Wilson’s Creek National Battlefield Field Trip

When we go to Springfield for a doctor’s appointment, we try to schedule it early in the day so that we can have a chance to do other things while there.  This time we chose to visit the Wilson’s Creek Battlefield – the site of the first Civil War battle west of the Mississippi. We took a picnic with us and as it was a hot, humid day –  we could sort of visualize the heat of the day of the battle on August 10, 1861.

The National Park Service has re-created the movements and events that took place on that day in a movie shown in the Visitor’s Center.  It was a moving account of one young soldier’s memories of his best friend – and encompassed the different movements of the Union and Confederate troops.  Shown in re-enactment, the movie helped to make the history and people involved real to us.   JuneBug and Bitty Bug climbed all over a cannon and thought it was neat until they saw the movie with cannons being shot.  JuneBug asked me why cannons shoot people. How do you explain war to a 4 year old child?  (The movie was not that graphic or explicit by the way!)

Then we followed the automobile trail to the various points and places that were strategic to the battle.  Very interesting how much land is involved with artillery and infantry.  The battle was fought in corn fields of a couple of families.

One was the Ray family, who owned 440 acres of fields, and whose home is the only original structure left from that time.  You can tour inside it – what makes it interesting is that the family was told to hide during the battle, which they did.  They huddled in a dark cellar room during the 6 1/2 hours of the battle.  I can only imagine the terror of the children, huddled with their parents as cannon balls whistled and screamed in the air, only to hit the earth with resounding noise and terrible shaking and jolting.  They were in the cellar – I would be willing to say that they could feel those jolts, the dust was probably hanging in the air of the little cellar after being knocked out of the floor boards above.  There were 3 re-grouping pauses in the battle. I can hear them asking each other if it was over yet…and then the next whine, scream and thud of a ball would begin again.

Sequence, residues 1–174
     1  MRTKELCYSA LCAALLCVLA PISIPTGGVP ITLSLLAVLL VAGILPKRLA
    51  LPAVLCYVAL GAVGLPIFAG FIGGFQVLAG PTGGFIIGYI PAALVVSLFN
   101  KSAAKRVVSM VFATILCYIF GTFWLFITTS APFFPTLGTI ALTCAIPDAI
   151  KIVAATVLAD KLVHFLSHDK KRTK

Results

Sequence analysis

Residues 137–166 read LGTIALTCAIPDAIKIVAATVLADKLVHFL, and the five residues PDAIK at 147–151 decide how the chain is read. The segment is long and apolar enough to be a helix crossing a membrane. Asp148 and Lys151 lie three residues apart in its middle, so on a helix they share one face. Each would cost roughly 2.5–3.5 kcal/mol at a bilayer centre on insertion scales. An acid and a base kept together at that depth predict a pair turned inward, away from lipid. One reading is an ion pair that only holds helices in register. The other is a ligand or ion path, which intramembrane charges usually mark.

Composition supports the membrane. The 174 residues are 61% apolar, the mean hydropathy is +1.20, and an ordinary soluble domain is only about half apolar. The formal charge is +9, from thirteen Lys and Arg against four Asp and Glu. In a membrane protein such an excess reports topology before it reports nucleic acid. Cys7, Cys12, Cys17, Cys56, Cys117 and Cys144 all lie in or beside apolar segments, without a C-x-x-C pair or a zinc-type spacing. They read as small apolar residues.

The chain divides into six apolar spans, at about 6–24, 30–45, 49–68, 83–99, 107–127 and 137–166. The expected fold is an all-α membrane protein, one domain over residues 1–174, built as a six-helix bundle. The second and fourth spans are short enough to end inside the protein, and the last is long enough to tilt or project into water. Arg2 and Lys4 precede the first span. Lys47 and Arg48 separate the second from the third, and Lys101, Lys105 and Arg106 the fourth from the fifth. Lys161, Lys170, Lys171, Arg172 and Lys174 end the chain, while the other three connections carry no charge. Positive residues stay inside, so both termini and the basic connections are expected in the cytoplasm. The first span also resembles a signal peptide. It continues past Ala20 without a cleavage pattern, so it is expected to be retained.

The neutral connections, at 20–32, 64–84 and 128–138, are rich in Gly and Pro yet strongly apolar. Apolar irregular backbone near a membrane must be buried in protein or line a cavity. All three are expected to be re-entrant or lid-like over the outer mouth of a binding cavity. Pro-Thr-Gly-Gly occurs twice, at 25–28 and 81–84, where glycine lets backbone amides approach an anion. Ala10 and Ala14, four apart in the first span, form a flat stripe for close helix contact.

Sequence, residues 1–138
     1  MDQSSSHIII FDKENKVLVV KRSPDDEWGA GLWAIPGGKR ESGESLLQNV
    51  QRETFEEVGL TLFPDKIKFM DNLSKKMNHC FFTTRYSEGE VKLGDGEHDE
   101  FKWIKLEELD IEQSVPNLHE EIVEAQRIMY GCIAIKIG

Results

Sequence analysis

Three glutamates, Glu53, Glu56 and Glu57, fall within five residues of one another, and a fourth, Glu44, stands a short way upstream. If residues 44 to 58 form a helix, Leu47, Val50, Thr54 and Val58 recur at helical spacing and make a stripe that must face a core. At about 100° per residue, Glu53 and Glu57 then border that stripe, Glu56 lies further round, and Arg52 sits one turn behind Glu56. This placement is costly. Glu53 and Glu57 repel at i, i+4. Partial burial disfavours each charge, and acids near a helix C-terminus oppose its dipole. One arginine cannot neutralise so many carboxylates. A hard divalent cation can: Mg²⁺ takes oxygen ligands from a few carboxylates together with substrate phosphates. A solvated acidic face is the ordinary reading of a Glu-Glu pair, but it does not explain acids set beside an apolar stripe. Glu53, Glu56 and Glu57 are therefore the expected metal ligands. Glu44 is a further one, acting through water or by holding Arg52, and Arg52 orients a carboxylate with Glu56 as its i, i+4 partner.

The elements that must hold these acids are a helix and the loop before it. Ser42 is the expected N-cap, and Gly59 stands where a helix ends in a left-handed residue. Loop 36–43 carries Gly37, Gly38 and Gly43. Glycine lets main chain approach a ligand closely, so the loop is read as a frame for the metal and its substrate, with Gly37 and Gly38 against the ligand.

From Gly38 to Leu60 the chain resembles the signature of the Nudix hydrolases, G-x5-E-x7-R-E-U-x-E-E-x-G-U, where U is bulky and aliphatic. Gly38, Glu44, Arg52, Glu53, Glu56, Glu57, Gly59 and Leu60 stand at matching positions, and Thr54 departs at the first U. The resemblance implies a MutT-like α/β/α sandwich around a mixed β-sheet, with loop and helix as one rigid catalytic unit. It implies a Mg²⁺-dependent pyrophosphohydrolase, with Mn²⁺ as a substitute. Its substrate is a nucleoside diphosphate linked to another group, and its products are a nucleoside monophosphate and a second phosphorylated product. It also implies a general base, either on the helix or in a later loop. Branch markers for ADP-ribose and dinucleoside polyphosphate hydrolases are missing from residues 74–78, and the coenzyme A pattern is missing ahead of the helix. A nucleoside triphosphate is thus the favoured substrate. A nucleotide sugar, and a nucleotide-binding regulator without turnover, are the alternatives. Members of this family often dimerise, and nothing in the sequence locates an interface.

After the battle was over, this family – who was already shaken up and scared to death came from that cellar to their porch –  and with horror witnessed the scene of the main battle area on the hill  right across the creek in front of their home.  Over 500 men died on that hill – with wounded men everywhere.  This family immediately turned their home into a hospital, carrying water from the creek to tend to the wounded and trying to minister to as many as they were able.

The hill is  forever known as Bloody Hill from that fateful day.  The Confederate Army lost 12% of their men, and the Union lost 24% of theirs, one of which was Brig. General Nathaniel Lyon.  He was the first Union general to die in battle during the Civil War.  (You can still see the family bed in the home where the body of Brig. General Lyon’s body lay until it was transferred by rail to Connecticut where his family was).  As many of the dead bodies as possible were taken to Springfield and buried in the cemetery there, where you can go visit those graves. Missouri ranks third in the Civil War for the third most fought over state in the nation due to violent guerrilla war-fare by mounted raiders destroying anything military or civilian that could aid the enemy.

Today, Bloody Hill is a quiet place filled with the beauty of nature.  We saw a Great Blue Heron in Wilson’s Creek, along with a doe and two fawns.  We actually saw upwards of 10 deer, several with fawns.  There are lots of wildflowers and birds.


One thought on “Wilson’s Creek National Battlefield Field Trip

  1. Mary Jo Rasmussen

    This is a very interesting post. I have often wanted to go there and see what it was all about. Thanks for sharing. Your children are learning so much. I don’t know if there is a good way to explain war to a four-year old. It is such an evil thing. I liked the reassuring way you ended, too.


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